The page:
Can you have more fun with the virtuosity? (singing). Isn’t it fun to play fast? Isn’t it fun to be able to amaze people? Isn’t it great? If you’re having fun, inform your face about it. Let’s try it the same, three, four, (singing). Bravo! Now, was it worth coming all the way from Toronto?

Matthew Buczkowski: Yeah.

Ben Zander: Look at this. There’s something very extraordinary you did just then. You livened the spirits. I want everybody in the room to just notice how you’re feeling right now, your body, your heart, your mind. That’s what music can do to make you feel the way you are feeling now. You’ve forgotten about all those worries and tribulations and awful political things. It’s just, it’s gone. Haydn can do that. That’s why we go to church, I mean, to the concert hall.

That’s why we go, because it gives us a certain kind of salvation, temporal salvation. It’s amazing. When I said that, when I asked the question in the room, I didn’t say most of you may feel that. Everybody feels it. Everybody, 100%. What is 100%? You don’t have any situation which is 100%. People get excited about 24%, right? This is 100%. There wasn’t anybody in this room just now who wasn’t excited by your playing. Isn’t that amazing?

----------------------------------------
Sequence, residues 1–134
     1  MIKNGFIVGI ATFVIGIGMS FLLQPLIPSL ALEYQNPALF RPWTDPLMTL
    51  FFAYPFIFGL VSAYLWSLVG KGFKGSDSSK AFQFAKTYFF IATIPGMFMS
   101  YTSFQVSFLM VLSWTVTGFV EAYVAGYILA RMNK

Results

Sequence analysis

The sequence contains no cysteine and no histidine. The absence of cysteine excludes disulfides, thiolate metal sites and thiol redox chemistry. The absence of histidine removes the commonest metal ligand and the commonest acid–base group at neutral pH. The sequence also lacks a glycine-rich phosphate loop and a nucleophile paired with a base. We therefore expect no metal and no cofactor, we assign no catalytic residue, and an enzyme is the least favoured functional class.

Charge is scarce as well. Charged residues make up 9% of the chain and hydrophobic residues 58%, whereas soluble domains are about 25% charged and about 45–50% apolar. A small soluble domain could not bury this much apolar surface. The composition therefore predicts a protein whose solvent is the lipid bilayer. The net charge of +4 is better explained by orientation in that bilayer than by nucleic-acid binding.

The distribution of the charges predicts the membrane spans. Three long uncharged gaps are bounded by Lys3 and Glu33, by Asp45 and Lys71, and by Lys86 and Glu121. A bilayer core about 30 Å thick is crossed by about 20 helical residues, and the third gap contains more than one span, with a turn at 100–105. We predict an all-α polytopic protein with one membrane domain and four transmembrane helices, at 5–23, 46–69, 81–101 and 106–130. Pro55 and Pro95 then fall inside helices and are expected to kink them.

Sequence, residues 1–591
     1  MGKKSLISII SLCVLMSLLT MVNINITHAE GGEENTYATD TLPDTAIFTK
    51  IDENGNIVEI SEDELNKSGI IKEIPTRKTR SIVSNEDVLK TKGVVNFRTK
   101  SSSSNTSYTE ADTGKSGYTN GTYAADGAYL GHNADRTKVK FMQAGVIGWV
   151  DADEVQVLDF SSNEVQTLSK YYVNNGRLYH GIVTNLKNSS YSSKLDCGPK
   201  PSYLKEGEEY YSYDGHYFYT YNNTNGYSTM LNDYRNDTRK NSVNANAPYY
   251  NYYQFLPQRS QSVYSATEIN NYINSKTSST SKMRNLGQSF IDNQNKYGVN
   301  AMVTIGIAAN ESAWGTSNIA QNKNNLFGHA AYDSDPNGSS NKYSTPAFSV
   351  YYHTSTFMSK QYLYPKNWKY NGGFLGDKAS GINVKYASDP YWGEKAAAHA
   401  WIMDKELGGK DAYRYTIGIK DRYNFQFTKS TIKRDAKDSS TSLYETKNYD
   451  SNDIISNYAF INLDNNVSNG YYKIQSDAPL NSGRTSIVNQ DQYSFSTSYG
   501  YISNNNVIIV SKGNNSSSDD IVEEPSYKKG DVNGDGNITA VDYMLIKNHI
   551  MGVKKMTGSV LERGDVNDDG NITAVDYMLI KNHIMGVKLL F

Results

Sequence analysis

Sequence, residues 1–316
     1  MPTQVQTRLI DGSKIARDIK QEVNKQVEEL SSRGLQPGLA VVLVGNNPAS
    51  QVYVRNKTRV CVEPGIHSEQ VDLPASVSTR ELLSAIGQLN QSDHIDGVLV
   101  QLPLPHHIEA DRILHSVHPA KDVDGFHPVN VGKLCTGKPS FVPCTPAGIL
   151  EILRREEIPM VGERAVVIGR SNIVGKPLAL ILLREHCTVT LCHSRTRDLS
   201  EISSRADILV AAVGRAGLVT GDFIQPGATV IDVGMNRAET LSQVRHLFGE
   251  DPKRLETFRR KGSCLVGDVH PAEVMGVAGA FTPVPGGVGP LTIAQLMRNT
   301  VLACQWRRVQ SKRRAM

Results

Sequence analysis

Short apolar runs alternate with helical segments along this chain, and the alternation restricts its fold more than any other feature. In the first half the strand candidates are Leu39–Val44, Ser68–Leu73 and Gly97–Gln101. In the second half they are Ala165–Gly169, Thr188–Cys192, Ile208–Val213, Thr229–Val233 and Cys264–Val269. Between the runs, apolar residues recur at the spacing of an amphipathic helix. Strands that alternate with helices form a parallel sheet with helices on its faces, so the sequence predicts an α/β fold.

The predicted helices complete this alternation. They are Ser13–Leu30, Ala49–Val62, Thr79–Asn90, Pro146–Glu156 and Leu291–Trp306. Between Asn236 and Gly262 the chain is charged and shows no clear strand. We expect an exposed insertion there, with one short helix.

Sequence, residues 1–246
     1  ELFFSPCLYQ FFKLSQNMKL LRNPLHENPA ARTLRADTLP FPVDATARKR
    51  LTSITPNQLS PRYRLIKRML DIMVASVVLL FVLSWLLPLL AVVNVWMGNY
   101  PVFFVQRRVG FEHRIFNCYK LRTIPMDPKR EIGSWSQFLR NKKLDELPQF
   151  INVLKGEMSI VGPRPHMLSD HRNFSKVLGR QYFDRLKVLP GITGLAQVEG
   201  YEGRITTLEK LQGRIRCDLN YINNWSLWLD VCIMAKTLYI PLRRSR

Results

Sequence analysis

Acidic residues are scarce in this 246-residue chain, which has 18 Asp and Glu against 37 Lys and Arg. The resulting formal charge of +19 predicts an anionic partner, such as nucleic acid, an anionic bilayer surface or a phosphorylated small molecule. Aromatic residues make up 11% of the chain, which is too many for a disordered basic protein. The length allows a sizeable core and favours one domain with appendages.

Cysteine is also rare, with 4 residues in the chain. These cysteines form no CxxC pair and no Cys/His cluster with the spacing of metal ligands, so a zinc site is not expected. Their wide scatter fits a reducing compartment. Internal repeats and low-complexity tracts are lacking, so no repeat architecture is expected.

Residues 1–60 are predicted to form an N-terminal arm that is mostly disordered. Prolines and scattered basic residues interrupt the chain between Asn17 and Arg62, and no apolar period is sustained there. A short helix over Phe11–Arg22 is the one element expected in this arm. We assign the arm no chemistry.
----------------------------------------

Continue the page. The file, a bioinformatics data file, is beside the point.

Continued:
I’ll tell you a very funny story. A lot of people get confused. They think it’s me. It’s not me, nothing to do with me. I’m a vicar. You want a good vicar. When you go to church, you hope there’s a good vicar. I’m a good vicar. But the don’t confuse yourself. Don’t think it’s about They don’t come into the church to see the vicar. Do you get that? They come in to get an experience, a feeling, a liberation from this music.

That’s what we do in life. That’s what my father meant when he said, “You’re a member of the healing profession.” And this healer over here, this doctor who spends his life with people in the last stages of their lives, he’s a last stage, he does transplants. He realized that there was something here that he could bring back to his patients, and he recorded the youth orchestra on his telephone and played it to the family where the mother was dying. He played the youth orchestra’s performance, and it helped them get through that experience. Music can do that.

Music is so powerful, and we forget. We just forget. We think it’s about some famous pianist or some famous conductor. No, it’s only Papa Haydn. Isn’t that beautiful? I’ll tell you a funny story, because once I was giving a talk about possibility, that’s what I talk about. I was talking to 500 school administrators in England, a roomful. 500 people. I do a whole lot of things, I do music, I play, we sing, all sorts of things. Everybody was having a wonderful time except for one person. No reaction, nothing, face, nothing.